We bought the orchard in 2001, moving from Central Maine where we had worked and raised our two sons for fifteen years. One might say we were idealistic; we believed agriculture mattered, and we still do. We saw the orchard as an opportunity to carry on a tradition, to make a commitment to meaningful work outdoors, and to bring the best of our mental and physical abilities to the project. It is very interesting, there is so much to learn, and it has been well worth our energy. The orchard has connected us to the community in which we live, and we are continually reminded of how much folks value the orchard as a presence in Hope.
Brien sees himself as "just the keeper of the apples." He says he gets to climb trees for a living. He loves to prune fruit trees. He loves to pick apples. Growing apples is challenging. "Sometimes I hate growing apples because I lose," Brien says. " A disease takes over and I can't beat it. On the other hand, I admire how nature usually wins and I have to stand back and say I can try all I want, but it has the upper hand, and I have to work with it, not against it." When Brien is not tending the orchard, he is a nurse practitioner and owner of Hope Health in Camden.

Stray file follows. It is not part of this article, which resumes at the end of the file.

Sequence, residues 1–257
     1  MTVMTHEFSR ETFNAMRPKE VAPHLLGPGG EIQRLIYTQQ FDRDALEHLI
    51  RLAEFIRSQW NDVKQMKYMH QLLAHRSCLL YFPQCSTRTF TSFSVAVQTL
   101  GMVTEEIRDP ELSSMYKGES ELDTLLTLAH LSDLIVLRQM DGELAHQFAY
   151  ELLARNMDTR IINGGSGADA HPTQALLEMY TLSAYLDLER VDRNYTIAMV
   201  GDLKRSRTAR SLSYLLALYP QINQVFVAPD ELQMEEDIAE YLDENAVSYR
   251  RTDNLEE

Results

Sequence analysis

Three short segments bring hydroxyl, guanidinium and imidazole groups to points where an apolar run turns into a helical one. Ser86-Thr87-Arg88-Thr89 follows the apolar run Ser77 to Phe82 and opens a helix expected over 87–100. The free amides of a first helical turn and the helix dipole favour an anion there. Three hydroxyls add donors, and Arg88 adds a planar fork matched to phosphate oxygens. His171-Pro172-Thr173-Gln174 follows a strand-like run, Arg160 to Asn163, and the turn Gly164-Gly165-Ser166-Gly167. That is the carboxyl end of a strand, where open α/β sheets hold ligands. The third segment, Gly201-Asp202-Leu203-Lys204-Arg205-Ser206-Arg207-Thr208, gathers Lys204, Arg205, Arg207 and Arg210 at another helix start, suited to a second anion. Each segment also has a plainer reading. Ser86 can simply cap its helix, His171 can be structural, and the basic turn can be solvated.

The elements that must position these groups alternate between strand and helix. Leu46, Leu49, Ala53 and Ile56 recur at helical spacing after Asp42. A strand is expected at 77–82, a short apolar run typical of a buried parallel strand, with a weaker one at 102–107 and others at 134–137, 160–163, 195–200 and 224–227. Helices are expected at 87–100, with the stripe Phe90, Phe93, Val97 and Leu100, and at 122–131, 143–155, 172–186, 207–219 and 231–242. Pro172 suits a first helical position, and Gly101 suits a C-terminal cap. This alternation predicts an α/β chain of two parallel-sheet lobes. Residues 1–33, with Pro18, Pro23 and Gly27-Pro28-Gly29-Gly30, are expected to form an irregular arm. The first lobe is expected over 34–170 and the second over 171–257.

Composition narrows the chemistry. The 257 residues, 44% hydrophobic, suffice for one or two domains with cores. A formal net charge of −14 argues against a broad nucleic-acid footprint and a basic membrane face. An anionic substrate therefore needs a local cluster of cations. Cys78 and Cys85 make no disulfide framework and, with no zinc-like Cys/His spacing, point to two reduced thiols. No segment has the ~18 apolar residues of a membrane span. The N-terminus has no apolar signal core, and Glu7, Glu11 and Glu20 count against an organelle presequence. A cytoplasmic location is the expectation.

Emily is taken with fresh apples, and is smitten with fresh pears. She believes that tending this orchard is the right thing do with the land. She loves that she can share a really simple but wonderful food with other people. She says, "The orchard gives us more energy than it takes, at least most of the time. It allows me to work with the natural cycle of the seasons and that keeps me grounded." Emily's work in the orchard is balanced alongside her role as a school counselor at Troy Howard Middle School, in Belfast and helping people get fit for the adventures of their lives.Visit her website Embarktoday.com
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